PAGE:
Let’s face it, not every photo is going to come out perfectly. A photographer will take many, many photos during your session – hundreds of them in total. From these, he will cull the very best, the ones that are most flattering to you, and have the most potential to be works of art. And then he will perfect them, editing them until they are the best they can be, balanced and natural. These edited photos will show the best possible you, which is what you want out of your pictures, right? Wading through hundreds of unedited, unused photos, sometimes dozens of the same pose with only minute differences… there is nothing to be gained from this when your professional photographer will hand you the very best shots, edited to the best possible standard.

The photos that aren’t chosen to be edited were left behind for a reason. No one wants to think of themselves as unphotogenic, but sometimes a shot will be plain unflattering, or from a bad angle, or will unintentionally highlight flaws. No matter how much a customer assures a photographer that they will not be upset by the raw, unedited stack of hundreds of photos, this invariably turns out to be the case. The customer sees themselves portrayed in unflattering ways in these unused photos, and become angry or upset, and are left feeling doubtful about their photographer’s abilities. If the photos are of a particularly important occasion, like commemorating an engagement or the birth of a child, the emotions attached to these photos can be very high. And no one wants to see a newly engaged woman burst into tears when she sees her photos for the first time!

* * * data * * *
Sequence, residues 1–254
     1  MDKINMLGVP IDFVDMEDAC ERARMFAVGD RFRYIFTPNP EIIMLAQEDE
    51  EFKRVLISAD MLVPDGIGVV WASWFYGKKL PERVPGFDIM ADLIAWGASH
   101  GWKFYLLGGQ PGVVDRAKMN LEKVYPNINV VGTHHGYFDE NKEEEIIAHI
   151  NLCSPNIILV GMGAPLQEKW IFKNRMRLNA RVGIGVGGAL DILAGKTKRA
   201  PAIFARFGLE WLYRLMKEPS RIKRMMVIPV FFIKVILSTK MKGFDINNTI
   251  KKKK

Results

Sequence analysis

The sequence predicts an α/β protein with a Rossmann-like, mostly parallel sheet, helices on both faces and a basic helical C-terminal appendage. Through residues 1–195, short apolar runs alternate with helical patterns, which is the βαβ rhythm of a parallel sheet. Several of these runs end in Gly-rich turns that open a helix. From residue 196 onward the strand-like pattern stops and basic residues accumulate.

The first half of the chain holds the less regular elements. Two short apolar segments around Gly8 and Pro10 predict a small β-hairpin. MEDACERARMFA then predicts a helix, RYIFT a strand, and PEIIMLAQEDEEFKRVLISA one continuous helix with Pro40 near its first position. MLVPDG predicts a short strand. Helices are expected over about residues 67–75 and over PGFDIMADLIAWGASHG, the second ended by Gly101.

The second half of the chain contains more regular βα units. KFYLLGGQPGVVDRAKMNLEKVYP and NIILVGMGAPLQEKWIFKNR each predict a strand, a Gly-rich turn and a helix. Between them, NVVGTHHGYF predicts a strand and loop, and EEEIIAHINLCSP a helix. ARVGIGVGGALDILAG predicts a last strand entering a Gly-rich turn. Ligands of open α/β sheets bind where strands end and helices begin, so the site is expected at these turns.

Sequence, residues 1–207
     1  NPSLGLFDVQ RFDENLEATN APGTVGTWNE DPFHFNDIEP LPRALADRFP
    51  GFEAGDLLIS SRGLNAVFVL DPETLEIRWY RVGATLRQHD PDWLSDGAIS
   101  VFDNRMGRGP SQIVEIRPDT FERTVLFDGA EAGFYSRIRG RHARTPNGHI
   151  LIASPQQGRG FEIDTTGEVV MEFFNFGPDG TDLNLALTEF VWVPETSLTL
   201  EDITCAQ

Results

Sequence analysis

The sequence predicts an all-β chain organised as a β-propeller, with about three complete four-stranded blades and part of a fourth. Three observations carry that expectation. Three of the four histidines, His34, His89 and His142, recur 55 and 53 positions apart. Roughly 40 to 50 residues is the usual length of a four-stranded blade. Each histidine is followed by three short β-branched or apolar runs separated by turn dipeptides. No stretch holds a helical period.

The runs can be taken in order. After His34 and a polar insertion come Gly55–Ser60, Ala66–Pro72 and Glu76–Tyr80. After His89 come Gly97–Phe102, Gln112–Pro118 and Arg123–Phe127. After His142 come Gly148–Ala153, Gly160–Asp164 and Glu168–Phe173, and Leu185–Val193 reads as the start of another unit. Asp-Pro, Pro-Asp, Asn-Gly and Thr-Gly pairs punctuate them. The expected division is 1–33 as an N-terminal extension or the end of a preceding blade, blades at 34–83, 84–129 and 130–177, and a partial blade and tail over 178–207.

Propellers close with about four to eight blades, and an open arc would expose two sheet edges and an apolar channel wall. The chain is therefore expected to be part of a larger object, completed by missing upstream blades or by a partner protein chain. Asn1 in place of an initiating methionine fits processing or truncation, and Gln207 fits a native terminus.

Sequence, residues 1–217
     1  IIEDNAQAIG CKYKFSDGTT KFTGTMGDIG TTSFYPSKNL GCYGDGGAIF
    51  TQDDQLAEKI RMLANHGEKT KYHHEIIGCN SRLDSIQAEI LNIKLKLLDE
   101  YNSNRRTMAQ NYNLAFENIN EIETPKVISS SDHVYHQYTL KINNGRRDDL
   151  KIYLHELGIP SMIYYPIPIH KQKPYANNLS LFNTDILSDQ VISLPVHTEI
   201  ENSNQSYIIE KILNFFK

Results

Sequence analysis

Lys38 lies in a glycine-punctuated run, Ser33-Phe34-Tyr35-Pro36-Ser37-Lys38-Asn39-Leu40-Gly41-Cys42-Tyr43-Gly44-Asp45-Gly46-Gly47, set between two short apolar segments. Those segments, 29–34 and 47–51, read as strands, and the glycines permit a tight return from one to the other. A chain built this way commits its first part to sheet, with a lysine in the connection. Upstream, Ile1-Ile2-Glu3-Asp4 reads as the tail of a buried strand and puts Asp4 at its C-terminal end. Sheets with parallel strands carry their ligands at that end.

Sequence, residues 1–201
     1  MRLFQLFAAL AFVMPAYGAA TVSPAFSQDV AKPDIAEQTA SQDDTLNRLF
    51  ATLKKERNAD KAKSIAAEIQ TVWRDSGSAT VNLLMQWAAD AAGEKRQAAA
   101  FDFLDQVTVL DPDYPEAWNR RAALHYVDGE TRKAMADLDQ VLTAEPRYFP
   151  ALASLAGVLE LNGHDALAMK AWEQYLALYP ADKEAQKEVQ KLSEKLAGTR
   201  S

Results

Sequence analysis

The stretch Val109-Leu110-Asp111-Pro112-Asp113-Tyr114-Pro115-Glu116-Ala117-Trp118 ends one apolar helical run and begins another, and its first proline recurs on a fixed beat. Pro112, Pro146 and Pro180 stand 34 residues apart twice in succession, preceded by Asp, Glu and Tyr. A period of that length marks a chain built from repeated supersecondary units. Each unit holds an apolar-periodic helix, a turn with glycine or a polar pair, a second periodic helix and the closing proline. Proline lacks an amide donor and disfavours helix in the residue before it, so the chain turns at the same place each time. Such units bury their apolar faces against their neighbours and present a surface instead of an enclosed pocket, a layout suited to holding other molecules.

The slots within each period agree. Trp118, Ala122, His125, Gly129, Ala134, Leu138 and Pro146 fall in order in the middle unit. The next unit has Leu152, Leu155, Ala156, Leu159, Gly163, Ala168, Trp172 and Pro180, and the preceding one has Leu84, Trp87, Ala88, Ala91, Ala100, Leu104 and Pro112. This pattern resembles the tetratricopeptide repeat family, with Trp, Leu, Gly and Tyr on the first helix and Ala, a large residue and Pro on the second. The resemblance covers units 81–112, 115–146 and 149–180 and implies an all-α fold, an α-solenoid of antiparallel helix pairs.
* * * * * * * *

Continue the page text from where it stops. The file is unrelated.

“Florist” captured by Samantha Foster. (Click image to see more from Samantha Foster.)

Trust The Professional

If you still want to see all of the photos, ask yourself why. Is it possible there might be a really great shot hiding in amongst all of those discards, something that you might be missing out on? Your photographer has carefully combed through all of the photographs, and just as carefully chosen the very best to be edited and presented to you for your album or for framing. Trust that he has created these for you from the very best shots of your session together. He is just as interested as you are in having those photos be beautiful and memorable, highlighting his talent and hard work. Your photographer knows his art, and you chose him for a reason, trusting him to capture your image and your essence. Now trust him to complete his work, to find the true gems among the photos, and to make them shine.